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The Anchorage, Part 3

Terre

Distinguished
We're all concerned about his Common Law wife. New Mexico is one of the states that only recognizes legal marriages so we're putting together money to help her. One of his granddaughters is going to pay for the funeral with funds from an automotive settlement of some sort.
At least you have many good memories of Pete. Missing someone like that is better than not having met him though it's harder on you.
 

Terre

Distinguished
My mother's description of the micorburst incident from her blog post about the trip.

At 6:30 I began writing these notes. I had just survived the far outer edge of a tornado for the second time in my camping life. I was sitting in the tent reading a book to keep my mind off the surrounding storms.I heard a whirring sound outside the left side of my tent. Less than a minute later the whole front of the tent lifted and tried to rollover. The other edges began lifting, also. The tent had come completely loose from its moorings. I pushed the large patio table off me and worked my way frontwards. The rim around the bottom of the door hit me in the chest. The worst thing was that I had a basin of water sitting on the floor near the door. It turned over and the large puddle got part of the floor and some gear wet.

I waded thru the puddle, got my feet in my shoes, stepped out and grabbed one corner tent pole because the tent was trying to blow away into sage and yucca and prickly pear cactus (with beautiful yellow blossoms today) and other prickly things that would have poked many holes and shreds in Agnes. All of a sudden the tent took off, about a foot off the ground, pulled me to the ground, and drug me several feet. It lodged against a small berm. That, plus the weight of my body, stopped onward movement but the wind was still exceptionally strong. It seemed to be going at 100+ mph and I was determined not to let go. In my mind I thought of pictures of people and cartoons in which something similar was happening. I wondered if I could hang onto the tent long as long as the wind would blow.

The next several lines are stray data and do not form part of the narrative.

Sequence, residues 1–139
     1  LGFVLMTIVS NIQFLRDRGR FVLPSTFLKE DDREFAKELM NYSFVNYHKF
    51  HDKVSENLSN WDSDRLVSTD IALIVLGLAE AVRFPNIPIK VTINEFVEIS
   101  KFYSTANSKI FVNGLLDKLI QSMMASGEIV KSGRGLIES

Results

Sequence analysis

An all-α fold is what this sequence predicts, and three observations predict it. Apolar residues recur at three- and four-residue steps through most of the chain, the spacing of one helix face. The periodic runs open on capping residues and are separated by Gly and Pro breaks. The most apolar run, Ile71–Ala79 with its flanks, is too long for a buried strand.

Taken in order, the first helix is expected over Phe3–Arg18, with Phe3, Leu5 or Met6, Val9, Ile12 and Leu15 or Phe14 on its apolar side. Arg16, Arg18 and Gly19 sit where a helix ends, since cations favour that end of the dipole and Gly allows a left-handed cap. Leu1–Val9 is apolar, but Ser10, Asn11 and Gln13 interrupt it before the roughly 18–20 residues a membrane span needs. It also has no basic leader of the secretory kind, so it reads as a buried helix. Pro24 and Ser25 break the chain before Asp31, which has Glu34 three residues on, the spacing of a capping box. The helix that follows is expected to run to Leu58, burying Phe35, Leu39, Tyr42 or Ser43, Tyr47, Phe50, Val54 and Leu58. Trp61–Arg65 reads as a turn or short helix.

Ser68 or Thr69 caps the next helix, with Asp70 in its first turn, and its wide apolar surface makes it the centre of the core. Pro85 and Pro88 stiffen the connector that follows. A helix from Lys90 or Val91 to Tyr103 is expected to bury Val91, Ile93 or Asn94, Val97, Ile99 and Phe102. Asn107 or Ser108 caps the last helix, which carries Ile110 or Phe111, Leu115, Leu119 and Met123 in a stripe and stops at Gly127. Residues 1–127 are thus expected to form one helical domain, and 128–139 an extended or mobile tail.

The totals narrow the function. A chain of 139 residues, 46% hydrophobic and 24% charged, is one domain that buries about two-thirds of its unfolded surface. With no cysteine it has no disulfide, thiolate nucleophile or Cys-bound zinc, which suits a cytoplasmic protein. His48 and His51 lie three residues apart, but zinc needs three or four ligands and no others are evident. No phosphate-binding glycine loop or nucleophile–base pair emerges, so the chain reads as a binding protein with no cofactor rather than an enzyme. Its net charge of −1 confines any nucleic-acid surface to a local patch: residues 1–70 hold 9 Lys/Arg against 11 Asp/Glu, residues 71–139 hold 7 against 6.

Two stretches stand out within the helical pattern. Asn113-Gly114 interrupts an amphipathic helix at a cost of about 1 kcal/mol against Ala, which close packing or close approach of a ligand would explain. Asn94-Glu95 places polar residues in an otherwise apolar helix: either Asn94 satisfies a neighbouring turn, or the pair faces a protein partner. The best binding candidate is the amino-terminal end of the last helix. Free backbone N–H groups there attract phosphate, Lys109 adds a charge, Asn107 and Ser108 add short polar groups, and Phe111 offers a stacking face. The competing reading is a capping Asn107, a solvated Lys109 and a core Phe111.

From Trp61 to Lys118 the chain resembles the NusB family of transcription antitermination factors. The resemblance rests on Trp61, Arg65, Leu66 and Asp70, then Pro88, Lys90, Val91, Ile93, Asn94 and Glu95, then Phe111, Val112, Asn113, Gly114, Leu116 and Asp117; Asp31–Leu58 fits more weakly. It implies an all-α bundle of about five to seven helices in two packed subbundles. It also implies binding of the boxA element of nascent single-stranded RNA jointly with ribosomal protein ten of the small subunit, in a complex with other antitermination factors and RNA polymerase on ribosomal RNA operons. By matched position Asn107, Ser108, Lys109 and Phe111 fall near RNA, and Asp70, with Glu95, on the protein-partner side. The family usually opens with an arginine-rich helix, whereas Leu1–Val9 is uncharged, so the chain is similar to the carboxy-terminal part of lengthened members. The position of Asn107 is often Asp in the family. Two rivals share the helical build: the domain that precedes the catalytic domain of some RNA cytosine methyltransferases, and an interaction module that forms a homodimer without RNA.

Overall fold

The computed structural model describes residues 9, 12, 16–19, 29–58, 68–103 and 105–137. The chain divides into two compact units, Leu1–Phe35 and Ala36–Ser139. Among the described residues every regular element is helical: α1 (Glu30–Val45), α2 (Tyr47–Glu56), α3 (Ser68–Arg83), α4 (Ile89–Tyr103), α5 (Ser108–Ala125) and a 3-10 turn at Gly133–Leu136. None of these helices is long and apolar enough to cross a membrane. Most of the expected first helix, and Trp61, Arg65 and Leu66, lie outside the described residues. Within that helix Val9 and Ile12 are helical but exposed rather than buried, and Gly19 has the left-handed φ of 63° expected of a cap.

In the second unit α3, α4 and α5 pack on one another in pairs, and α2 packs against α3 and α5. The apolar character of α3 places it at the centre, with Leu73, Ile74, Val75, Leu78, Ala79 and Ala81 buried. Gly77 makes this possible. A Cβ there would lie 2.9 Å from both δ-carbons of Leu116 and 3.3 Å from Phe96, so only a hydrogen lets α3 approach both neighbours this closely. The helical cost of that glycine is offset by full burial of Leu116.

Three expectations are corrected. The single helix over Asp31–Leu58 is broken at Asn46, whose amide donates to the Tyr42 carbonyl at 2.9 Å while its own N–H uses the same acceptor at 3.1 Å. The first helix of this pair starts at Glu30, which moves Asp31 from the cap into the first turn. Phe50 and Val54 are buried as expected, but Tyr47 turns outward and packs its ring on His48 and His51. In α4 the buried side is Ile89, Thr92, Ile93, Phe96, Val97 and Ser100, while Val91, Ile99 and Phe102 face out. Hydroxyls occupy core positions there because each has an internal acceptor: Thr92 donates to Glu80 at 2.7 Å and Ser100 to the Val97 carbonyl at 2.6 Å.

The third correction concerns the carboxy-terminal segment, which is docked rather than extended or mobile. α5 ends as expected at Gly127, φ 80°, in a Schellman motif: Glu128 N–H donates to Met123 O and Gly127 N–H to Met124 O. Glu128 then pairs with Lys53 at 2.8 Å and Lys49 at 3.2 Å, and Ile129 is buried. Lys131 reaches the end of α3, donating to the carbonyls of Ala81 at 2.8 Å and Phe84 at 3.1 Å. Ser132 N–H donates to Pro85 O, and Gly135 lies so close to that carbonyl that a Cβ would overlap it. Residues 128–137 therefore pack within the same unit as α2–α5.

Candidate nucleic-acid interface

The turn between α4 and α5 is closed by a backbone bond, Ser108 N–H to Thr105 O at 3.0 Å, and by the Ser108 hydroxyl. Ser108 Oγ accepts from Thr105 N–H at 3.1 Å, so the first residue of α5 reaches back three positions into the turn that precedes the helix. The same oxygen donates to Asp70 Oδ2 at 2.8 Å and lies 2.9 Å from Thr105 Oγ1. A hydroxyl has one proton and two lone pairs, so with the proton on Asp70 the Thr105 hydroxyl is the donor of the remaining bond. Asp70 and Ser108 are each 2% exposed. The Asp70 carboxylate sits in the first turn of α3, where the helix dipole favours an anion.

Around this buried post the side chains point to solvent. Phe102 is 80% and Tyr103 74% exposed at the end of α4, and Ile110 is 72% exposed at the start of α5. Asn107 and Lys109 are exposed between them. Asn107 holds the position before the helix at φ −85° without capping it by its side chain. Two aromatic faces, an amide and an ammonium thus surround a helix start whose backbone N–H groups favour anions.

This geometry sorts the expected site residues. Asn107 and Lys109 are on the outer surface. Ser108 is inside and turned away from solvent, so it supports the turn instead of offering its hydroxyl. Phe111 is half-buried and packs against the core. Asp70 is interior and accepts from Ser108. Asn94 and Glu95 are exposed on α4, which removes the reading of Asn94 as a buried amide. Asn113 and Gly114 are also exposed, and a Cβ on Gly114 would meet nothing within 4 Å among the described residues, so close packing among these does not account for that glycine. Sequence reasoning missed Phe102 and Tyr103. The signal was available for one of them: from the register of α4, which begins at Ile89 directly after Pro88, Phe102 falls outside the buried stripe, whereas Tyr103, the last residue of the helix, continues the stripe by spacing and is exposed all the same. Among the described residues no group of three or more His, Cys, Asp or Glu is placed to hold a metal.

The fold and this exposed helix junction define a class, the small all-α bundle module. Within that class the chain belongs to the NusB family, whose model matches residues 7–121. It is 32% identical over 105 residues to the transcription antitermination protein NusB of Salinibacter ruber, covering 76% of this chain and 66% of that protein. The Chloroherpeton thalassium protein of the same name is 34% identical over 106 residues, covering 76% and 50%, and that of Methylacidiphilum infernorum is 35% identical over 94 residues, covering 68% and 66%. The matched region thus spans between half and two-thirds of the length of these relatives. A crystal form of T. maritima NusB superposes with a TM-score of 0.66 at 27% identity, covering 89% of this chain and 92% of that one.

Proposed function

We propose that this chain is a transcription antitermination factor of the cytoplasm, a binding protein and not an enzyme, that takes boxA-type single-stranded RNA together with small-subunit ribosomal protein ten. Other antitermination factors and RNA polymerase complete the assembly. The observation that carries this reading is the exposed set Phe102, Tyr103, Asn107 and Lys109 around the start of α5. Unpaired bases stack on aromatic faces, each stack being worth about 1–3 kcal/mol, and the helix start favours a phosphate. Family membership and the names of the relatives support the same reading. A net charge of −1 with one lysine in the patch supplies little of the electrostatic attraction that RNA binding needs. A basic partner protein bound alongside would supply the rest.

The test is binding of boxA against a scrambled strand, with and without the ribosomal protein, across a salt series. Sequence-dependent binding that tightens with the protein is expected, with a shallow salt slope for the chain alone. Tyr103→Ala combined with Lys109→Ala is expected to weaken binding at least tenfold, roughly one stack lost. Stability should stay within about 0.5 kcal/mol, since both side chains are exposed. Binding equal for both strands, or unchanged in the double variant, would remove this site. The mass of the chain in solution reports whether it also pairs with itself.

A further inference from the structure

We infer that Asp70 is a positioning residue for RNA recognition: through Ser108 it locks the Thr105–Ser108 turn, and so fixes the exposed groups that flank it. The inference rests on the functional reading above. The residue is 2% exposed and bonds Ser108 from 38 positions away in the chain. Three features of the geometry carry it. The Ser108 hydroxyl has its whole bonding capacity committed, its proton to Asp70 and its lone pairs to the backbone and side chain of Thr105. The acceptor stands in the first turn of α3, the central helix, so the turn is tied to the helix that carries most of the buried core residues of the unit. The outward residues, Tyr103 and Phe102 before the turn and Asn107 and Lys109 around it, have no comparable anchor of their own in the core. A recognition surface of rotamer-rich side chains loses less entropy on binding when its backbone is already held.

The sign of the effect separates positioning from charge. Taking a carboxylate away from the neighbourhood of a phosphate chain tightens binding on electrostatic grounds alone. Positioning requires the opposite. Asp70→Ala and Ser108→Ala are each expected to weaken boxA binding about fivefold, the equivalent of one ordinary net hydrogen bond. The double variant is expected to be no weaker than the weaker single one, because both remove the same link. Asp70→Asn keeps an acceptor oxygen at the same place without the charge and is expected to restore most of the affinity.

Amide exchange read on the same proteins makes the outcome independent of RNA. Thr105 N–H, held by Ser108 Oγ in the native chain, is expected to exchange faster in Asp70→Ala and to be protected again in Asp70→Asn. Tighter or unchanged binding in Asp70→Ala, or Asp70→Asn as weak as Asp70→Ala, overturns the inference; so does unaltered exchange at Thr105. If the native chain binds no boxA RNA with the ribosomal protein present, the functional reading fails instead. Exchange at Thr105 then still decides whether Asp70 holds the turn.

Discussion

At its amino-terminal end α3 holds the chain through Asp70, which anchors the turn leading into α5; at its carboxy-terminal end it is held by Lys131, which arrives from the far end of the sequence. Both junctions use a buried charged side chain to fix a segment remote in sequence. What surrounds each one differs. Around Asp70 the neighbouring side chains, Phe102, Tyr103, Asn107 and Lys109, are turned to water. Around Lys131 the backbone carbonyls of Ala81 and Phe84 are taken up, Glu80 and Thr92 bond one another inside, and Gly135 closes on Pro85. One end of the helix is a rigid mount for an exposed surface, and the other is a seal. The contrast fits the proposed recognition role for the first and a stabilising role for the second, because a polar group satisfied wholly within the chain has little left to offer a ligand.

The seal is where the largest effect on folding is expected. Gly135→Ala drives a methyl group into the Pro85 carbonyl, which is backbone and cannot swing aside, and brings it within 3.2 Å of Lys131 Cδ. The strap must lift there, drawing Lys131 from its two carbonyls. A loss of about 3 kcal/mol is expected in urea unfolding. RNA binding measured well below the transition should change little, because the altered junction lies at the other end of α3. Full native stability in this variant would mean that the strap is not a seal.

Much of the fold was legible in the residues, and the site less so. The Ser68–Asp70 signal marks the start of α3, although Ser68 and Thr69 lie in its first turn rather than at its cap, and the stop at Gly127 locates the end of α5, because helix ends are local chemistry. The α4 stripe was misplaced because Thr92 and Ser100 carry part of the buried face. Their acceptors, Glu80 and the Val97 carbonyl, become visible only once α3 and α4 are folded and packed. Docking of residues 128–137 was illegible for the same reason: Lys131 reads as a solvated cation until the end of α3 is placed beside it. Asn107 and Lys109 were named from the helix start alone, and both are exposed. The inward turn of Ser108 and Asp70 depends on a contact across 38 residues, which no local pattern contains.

I let go of the pole with my right hand and fished around in the belt holster and popped my smart fone out. I tried to call Terre but the connection would not go thru. No wonder, there was a ferocious cloud over us all. I then tapped a text message and sent it. In about a minute the text did manage to get gone.

At that moment four neighbors came to help. And, also at that moment, the wind diminished spectacularly and in the calm came rain and a few pieces of hail. I pulled some heavy items out of Agnes, then the neighbors helped me move her to firmer ground. They held her down while I hammered stakes into her holding loops. She seemed unhurt. My bedroll and the top layers of the camping foam under it were dry. On me, the wettest thing was my bluejeans.

I thanked the neighbors and finished putting the gear that had ejected out of the tent back inside. Just as I finished, Terre and Jim drove up. I told them what had happened. Jim suggested that a small microburst had hit my campsite. I later found out that none of the RVs had felt the extraordinarily strong wind.
 

Miss B

Drawing Life 1 Pixel at a Time
CV-BEE
WOW, that's a very detailed description she wrote. Not sure I'd want to go through that sort of event, or that I would've survived it as well as your mother obviously did.
 

Terre